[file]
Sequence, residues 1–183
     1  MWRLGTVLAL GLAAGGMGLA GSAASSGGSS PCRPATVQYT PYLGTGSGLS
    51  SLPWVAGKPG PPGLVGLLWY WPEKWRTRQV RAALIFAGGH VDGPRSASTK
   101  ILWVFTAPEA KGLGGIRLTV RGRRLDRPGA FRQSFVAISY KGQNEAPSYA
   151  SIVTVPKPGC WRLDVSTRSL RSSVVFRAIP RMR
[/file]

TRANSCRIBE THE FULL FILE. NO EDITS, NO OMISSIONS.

Sequence, residues 1–183
     1  MWRLGTVLAL GLAAGGMGLA GSAASSGGSS PCRPATVQYT PYLGTGSGLS
    51  SLPWVAGKPG PPGLVGLLWY WPEKWRTRQV RAALIFAGGH VDGPRSASTK
   101  ILWVFTAPEA KGLGGIRLTV RGRRLDRPGA FRQSFVAISY KGQNEAPSYA
   151  SIVTVPKPGC WRLDVSTRSL RSSVVFRAIP RMR